I know I’ve kind of beaten this horse dead, but this environmentalism vs. density stuff just enrages me too much to relegate it to a link list. Here are some excerpts from an article about how the EPA’s proposed new rules for cleaning up the Chesapeake Bay could impede dense, environmentally-friendly development:
For decades, the federal Clean Water Act has tried to get communities to reduce the effects of stormwater runoff. Heavy rains often carry fertilizers and soil into streams and rivers — ultimately killing aquatic life in vulnerable bodies like Chesapeake Bay.
In response to tightening federal requirements, the state of Maryland is putting together a regulatory system that aims to cut the amount of nitrogen, phosphorus, and sediment flowing into the degraded Bay. But opinion is sharply divided over whether the plan will have a good or bad effect on the character and location of future development. […]
In the letter, Potter warned, however, that there are “potential conflicts between the TMDL mandate and Smart Growth” — conflicts that neither the state of Maryland nor the Environmental Protection Agency has adequately addressed.
“I believe the WIP will definitely make it harder to do low-density greenfield sprawl,” says a forum organizer, Stuart Sirota, principal of the New Urbanism-oriented TND Planning Group. “But I am concerned that the [state plan] may have the unintended consequence of making it more difficult to do higher-density infill within redevelopment areas and growth areas.”
Another forum organizer, Jim Noonan, who in the 1990s helped implement Governor Parris Glendening’s original smart growth program, agrees with Sirota that the Maryland plan may hinder dense, walkable, transit-served development — the kind of development that meets smart growth objectives. Noonan, practice leader for comprehensive planning at KCI Technologies, also predicts that unless the watershed plan is altered, it may also spread more household growth across low-density outlying areas, actually adding to pollution problems.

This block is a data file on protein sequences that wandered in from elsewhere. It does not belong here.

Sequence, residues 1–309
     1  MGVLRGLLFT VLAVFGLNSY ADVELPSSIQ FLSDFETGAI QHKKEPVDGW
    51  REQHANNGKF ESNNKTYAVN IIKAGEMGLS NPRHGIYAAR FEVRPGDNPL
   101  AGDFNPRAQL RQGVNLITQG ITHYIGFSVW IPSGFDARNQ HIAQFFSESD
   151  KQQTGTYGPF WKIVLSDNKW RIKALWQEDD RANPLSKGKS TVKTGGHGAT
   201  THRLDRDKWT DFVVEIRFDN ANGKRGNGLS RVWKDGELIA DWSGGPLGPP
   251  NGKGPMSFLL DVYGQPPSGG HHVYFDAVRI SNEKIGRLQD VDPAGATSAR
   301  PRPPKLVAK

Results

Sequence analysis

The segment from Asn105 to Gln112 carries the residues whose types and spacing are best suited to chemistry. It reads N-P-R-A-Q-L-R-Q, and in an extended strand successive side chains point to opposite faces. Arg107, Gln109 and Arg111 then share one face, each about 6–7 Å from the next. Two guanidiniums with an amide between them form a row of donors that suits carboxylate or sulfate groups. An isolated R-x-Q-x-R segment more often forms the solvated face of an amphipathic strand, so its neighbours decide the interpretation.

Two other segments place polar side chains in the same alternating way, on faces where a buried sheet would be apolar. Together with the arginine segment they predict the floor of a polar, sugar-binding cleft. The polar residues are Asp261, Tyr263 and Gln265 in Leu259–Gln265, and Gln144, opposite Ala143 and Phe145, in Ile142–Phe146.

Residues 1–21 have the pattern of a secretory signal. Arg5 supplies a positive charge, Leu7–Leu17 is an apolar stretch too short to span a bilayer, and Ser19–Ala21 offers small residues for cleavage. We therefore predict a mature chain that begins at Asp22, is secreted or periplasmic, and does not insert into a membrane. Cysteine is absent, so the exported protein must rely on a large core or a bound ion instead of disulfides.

“The authors of Maryland’s Watershed Implementation Plan definitely do intend to discourage outlying low-density development and to encourage infill,” Noonan says. But, he says, “I don’t think they achieve that.”
The plan proposed by Maryland — one of six states in the 64,000-square-mile Chesapeake Bay watershed — adds “another layer of regulations and bureaucracy” onto the difficulties that already confront smart growth developers, Noonan told New Urban News. The plan would hinder attempts to establish higher-density living in urban areas, he said, and may also deter attempts to build up existing rural centers.
Noonan and Potter believe that although “compact, walkable communities can reduce pollutant loads,” the state plan does not make development of dense, mixed-use, transit-served communities any easier than development of houses on large lots in auto-dependent suburbs.
The state retorts and claims that it’s already made a number of concessions in favor of dense development, but the fact that they can make the changes listed and still have the plan provoke the ire of smart growth advocates only means that the people who drafted the plan must have had even less sense to begin with.